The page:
Synthetic Biology

Synthetic Biology – what the hack is that?

Synthetic biology is a new area of biological research that combines science and engineering. Synthetic biology emcompasses a variety of different approaches, methodologies and disciplines, with the aim to design and construction of new biological functions and systems not found in nature. Synthetic biology is based on genetic engineering but goes much further. In genetic engineering the goal was to manipulate an organism’s genes, usually by transferring one gene from a donor to a host organisms. Synthetic biology, on the other hand, aims at creating whole new biological functions, systems and eventually organisms.

Synthetic biology is:

1. Engineering DNA-based biological circuits, including standard biological parts:

Instead of just transfering one gene, a whole system is built in an organisms (e.g. an oscillator, an on-off switch, a more complicated multi-step chemical synthesis of a useful biomolecule, biocomputer).

2. Defining a minimal genome/minimal life (top-down):

Taking a bacteria that already has a very small genome (i.e. number of base pairs) and reduce it even further until the organisms cannot survive any longer. That way we can define and understand the smallest possible genome that still sustains life. This minimal life will also forma  „chassis“ for hosting the biocircuits described above.

3. Constructing synthetic cells or protocells from scratch or bottom-up:

In an attempt to prove Pasteur’s “law of biogenesis” (Omne vivum ex vivo, Latin for, “all life [is] from life”) incomplete, scientists are now trying to produce synthetic cellular life form from simple chemical ingredients.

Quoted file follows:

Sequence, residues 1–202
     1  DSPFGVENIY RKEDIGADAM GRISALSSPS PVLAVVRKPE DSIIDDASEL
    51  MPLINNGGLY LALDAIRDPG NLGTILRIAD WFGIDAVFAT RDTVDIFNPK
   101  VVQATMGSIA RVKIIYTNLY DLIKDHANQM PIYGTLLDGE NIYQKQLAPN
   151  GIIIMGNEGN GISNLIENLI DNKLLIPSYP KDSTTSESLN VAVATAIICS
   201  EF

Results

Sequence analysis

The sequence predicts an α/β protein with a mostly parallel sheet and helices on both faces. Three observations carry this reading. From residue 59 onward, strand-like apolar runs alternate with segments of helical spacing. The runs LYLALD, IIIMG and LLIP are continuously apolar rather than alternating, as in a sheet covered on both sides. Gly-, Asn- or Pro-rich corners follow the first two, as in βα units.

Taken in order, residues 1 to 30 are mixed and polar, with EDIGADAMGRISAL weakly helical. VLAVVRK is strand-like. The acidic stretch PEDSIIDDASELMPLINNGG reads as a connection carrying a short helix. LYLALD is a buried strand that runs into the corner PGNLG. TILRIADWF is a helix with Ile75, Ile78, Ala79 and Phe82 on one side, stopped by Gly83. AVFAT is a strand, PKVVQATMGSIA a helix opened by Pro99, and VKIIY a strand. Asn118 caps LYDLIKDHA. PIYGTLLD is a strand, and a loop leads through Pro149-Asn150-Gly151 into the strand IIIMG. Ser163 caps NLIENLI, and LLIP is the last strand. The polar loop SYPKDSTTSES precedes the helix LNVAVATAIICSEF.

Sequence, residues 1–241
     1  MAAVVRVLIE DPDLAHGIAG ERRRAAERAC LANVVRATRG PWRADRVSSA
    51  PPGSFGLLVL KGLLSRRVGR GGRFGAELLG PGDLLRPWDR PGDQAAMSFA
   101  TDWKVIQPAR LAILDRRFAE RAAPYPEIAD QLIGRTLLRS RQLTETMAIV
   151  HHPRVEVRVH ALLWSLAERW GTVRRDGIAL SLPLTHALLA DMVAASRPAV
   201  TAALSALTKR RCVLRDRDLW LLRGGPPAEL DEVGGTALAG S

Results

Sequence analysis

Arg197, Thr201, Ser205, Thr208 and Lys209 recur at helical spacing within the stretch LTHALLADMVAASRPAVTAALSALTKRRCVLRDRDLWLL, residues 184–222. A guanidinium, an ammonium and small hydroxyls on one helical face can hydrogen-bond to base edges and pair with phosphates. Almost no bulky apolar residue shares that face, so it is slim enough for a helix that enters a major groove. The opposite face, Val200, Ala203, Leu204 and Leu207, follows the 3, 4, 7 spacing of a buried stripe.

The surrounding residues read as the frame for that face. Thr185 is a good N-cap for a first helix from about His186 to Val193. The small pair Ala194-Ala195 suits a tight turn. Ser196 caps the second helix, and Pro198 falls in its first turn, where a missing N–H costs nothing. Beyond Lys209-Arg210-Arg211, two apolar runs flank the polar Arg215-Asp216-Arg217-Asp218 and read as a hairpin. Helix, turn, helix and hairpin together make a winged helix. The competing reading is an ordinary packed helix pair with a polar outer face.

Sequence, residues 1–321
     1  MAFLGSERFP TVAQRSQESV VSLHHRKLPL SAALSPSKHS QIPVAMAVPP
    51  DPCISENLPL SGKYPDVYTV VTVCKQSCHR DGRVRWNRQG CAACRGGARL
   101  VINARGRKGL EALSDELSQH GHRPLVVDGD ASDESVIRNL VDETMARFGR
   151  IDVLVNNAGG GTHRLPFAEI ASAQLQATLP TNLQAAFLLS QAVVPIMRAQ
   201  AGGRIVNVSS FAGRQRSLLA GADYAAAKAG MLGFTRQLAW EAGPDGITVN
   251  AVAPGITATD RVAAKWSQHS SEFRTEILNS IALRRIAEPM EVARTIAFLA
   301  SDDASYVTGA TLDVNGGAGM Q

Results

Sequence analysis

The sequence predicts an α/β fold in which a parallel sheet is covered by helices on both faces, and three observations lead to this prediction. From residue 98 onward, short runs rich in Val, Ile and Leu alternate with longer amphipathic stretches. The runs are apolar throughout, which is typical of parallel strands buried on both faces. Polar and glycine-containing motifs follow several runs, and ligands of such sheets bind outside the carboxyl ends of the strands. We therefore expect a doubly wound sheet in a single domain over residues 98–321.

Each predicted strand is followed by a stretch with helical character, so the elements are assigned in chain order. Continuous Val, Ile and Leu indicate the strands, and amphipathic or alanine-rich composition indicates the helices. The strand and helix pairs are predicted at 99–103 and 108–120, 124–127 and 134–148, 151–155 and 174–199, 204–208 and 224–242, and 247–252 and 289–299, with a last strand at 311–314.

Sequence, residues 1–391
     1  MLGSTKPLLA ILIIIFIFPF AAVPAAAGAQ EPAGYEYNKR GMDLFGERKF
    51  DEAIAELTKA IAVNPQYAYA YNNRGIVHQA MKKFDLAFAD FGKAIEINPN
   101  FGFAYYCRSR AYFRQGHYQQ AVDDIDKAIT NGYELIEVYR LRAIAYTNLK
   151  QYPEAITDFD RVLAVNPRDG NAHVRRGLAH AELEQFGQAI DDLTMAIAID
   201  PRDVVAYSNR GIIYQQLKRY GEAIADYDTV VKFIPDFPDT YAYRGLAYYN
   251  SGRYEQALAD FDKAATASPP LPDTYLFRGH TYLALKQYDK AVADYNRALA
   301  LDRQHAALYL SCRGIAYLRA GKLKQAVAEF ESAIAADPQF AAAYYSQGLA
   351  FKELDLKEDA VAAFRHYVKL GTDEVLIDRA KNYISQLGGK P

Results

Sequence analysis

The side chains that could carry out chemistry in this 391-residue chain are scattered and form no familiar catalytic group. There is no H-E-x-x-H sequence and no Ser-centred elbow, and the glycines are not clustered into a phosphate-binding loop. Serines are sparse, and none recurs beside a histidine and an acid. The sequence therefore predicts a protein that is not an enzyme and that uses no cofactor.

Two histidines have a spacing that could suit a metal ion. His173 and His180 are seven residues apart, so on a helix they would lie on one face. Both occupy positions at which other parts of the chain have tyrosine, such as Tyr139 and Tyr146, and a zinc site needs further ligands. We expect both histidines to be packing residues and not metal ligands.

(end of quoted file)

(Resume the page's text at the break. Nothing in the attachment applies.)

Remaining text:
4. Creating orthogonal biological systems based on a biochemistry not found in nature:

All forms of life on earth use the famous DNA molecule. Now scientists are constructing different molecules with similar functions (e.g. the XNA, Xenonucleicacid) to construct living systems that have never existed before, as a way to avoid interference with naturally evolved DNA while doing biotechnology.

5. The chemical synthesis of DNA

So far DNA could only be created by life itself, but now special DNA synthesis machines can actually “print” DNA the way we want it. Scientist can e.g. download the genetic code of a virus (and eventually bacteria) and construct its DNA with this machine.

By applying the toolbox of engineering disciplines to biology, a whole set of potential applications become possible. Some of the potential benefits of synthetic biology, such as the development of low-cost drugs or the production of chemicals and energy by engineered bacteria are enormous. There are, however, also potential and perceived risks due to deliberate or accidental damage, as well as ethical questions. In order to ensure a vital and successful development of this new scientific field – in addition to describe the potential benefits – it is absolutely necessary to gather information also about the risks and to devise possible biosafety strategies to minimize them.